Most of the studies that have been reported on Cu-Ti-O thin films were of films prepared using complex techniques such as MBE, Sputtering, thermal evaporation, etcwhere multi component precursors were used. In this study the films were prepared by using single solid source precursor, though the technique of using our simple MOCVD set-up has become a standard technique for preparing mixed metal oxide thin film systems.

2. Experimental Method

2.1. Synthesis of Precursor

The single solid source precursor copper titanium acetylacetonate was prepared from acetylacetone, methanol, hydrated copper chloride (CuCl2·2H2O) and titanium trichloride (TiCl3) as chemical reagents. This was carried out by using a modified form of the method reported by Ellern and Ragsdale [14].

8.4936 g of hydrated copper chloride, (CuCl2·2H2O) was dissolved in 60 cm3 of methanol followed by the dropwise addition of 18.5 cm3 titanium trichloride (TiCl3) in 30 cm3 acetylacetone. This was left for several hours and yielded a precipitate of copper titanium acetylacetonate which had a green colour. The precipitate was filtered and left for few days to dry in an oven.

2.2. Film Deposition

Copper titanium oxide thin films were deposited by thermal decomposition of the copper titanium acetylacetonate precursor using metal organic chemical vapour deposition. The apparatus used for the deposition has been reported [15] and the schematic diagram of the experimental set up is shown in Figure 1. The solid precursor Cu [Ti (C5H7O2)3] was ground into fine powder and poured in an unheated receptacle, from where it was blown into the working chamber containing glass substrate holders carrying the substrates. The nitrogen gas was bubbled through at a flow rate of 2.0 dm3/min. The copper titanium acetylacetonate precursor decomposed at the substrate surface in the working chamber which was electrically heated and maintained at a temperature of 420˚C. At this temperature the decomposition of the precursor resulted in the deposition of copper titanium oxide thin films, over a period of two hours. At the end of the two hour deposition period, the gas supply was turned off, and the experimental set up was left to cool before removing the film substrate sample.

2.3. Characterization of Thin Film

The elemental composition and thickness of the film were obtained using Rutherford Backscattering Spectrometry of 1.7 MeV pelletron Accelerator. The structural characterization of the thin films was done using MD-10 model x-ray mini diffractometer with Cu-Kα radiation (λ = 0.15418 nm).The SEM micrographs of the thin films were obtained from a Zeiss DSM 940 scanning electron microscope with EDX detection facility attached. The UV-Visible spectra of the film were run on Jenway UV-Visible spectrophotometer (Model 6405) ranging from 200 to 1100 nm with 5 nm interval. The electrical characterization of the film was done using Kethley Four-point Probe facility (Model 2400) with source voltage of 5 mV.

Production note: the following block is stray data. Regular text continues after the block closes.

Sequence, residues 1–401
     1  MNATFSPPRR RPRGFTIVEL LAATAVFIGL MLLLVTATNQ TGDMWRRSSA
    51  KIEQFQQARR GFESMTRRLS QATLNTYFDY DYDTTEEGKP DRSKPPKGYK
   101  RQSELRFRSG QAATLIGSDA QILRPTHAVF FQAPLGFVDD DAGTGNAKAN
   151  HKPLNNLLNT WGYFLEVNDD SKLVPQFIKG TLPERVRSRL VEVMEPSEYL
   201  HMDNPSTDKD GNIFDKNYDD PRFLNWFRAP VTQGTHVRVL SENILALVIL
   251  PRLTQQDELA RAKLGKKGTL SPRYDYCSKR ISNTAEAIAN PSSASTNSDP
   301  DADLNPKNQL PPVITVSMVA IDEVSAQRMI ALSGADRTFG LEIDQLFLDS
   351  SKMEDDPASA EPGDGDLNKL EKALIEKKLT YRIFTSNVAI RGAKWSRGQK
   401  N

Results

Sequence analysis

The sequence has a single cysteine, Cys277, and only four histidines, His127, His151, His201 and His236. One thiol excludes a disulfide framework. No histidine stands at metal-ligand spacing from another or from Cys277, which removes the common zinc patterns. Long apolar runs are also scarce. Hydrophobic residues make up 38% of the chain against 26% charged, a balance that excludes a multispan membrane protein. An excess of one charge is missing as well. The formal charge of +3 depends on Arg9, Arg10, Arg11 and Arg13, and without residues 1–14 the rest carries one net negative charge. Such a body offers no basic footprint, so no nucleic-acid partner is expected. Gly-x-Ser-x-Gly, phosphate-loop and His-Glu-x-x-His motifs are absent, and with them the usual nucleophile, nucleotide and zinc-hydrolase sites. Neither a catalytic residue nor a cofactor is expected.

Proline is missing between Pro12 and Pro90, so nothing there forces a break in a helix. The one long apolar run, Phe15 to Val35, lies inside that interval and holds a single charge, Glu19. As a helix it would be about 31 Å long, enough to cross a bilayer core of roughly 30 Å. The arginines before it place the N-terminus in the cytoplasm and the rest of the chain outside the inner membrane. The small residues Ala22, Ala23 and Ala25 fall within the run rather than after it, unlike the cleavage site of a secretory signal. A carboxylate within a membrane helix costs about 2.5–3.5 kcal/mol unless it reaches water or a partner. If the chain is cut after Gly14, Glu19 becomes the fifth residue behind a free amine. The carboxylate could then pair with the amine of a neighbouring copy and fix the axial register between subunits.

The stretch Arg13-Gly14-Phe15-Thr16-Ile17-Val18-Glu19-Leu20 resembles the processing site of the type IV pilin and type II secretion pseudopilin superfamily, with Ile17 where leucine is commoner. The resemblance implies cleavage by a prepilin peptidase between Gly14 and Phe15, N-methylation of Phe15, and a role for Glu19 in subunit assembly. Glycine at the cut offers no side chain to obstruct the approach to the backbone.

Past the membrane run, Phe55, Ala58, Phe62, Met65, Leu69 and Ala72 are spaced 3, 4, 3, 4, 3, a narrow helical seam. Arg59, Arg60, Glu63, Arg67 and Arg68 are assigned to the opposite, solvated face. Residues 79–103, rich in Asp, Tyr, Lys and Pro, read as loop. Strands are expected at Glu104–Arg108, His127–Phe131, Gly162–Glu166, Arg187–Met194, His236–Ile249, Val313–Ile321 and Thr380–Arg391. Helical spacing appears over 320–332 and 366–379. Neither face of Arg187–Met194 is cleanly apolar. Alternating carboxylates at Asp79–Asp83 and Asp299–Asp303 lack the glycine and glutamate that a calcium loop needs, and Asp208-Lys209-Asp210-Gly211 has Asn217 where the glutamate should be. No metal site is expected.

3. Results and Discussion

3.1. Elemental Composition and Thickness of the Film

The elemental composition of the soda lime glass substrate was identified using RBS as Na, Al, O, Si, S, Cl, K, Ca, Fe and Zn, (Figure 2(a)). The elements present in the Film/Glass combination are Cu, Ti, O, Na, Al, Si, S, Cl, K, Ca, Fe and Zn (Figure 2(b)). The elemental analysis revealed that the proportions of the film measured are Cu = 51.3736%, Ti = 32.1210% and O = 16.5054% with the film thickness of 101.236 nm using the expression below (according to Chu, et al.) [16].

3.2. X-Ray Study

Figure 3 shows the XRD spectrum of deposited Cu-Ti-O

Figure 1. Experimental set up for deposition.

thin film obtained with diffraction angle 2θ ranging from 16˚ to 72˚. There were no peaks that could be used to match the Copper oxide, Titanium oxide or Copper Titanium oxide diffraction data files. Visual examination of the film showed that there was coating on the substrate and the RBS also confirmed the presence of Copper, Titanium and Oxygen in the film. The absence of peaks in the spectrum showed that Bragg’s law of diffraction was not satisfied. The observed featureless spectrum of the film showed that the film is amorphous in structure and thus confirms the glassy nature of the film similar to that reported on cadmium sulfide [17]. This may be due to the fact that the film is porous.


Figure 2. (a) RBS spectrum of blank sodalime glass; (b) RBS spectrum of the Cu-Ti-O thin film/sodalime glass.

Figure 3. XRD spectrum of the Cu-Ti-O thin film/sodalime glass.

The Bragg’s law of diffraction is given by the expression below

where n is an integer, λ is the wavelength of incident wave, d is the spacing between the planes in the atomic lattice, and θ is the angle between the incident ray and the scattering planes.

3.3. Morphological Study